Three Arabs told an audience at the Air Force Academy on Wednesday they left a life of terrorism and sectarian hatred after converting to Christianity.
The speakers – Walid Shoebat, Zak Anani and Kamal Saleem – spoke as part of a three-day conference on terrorism hosted by cadets in concert with New York’s Columbia University.
They described bloody pasts as members of terrorist groups in the Middle East and upbringings in which they were radicalized and taught to kill in the name of Allah.
Critics familiar with the men’s presentations in other cities accuse the speakers of relying on distortion and fear-mongering in their depictions of Muslim beliefs, but the men offered few apologies.
Shoebat — defiant during a question-and-answer session — urged his audience to resist “political correctness” and not to fear being labeled a “xenophobe, Islamophobe (or) American bigot.”
“The problem with Islam is if you speak out against Islam, you are a racist,” Shoebat told a group of about 250 cadets and students at Fairchild Hall.
Anani called it a mistake to limit discussion about terrorism to “radical Islam.”
“There is no radical Islam; there is Islam itself,” he said in an interview.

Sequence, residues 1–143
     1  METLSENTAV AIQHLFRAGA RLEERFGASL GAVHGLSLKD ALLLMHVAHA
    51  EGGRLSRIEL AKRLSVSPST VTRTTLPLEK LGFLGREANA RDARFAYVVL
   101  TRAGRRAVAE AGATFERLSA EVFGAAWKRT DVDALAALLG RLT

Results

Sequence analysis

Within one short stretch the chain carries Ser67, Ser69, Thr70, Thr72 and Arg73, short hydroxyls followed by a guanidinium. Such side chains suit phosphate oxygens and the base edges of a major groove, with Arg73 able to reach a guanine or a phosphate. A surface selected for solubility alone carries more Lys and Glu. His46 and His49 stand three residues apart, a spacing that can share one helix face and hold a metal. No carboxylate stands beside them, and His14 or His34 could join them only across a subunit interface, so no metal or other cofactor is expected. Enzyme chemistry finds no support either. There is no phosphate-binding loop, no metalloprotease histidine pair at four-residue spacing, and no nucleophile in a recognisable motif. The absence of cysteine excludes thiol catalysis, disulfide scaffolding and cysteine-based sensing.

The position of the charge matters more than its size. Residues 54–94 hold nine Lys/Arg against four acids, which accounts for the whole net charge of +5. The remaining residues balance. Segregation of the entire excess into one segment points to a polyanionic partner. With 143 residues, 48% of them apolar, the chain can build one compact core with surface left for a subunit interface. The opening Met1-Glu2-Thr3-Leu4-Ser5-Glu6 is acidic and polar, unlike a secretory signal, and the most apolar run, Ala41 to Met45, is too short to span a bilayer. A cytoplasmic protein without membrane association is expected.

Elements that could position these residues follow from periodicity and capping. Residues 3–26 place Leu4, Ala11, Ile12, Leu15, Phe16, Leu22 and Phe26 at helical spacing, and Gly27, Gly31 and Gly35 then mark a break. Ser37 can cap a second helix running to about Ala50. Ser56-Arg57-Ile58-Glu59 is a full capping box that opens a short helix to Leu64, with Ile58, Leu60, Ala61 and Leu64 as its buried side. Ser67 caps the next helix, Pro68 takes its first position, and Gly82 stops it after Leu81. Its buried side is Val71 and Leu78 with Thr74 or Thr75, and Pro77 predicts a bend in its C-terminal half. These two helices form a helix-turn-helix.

Saleem, who praised moderate Muslims and directed his comments at religious extremists, said Americans should welcome Muslims — while keeping an eye on those who seek to insinuate themselves here, then take over.
“If America is taken down and Sharia laws take over, there is no hope,” he said during a spirited talk, in which he shouted and stomped in driving home his points.
Ernest Jedrzejewski, a law student at Columbia University, said the fiery rhetoric Wednesday was a “mirror image” of the talks given by radical imams in areas where anti-Americanism is rampant.
“What we just saw was a brainwashing session, not a brainstorming session,” he said. (MORE)


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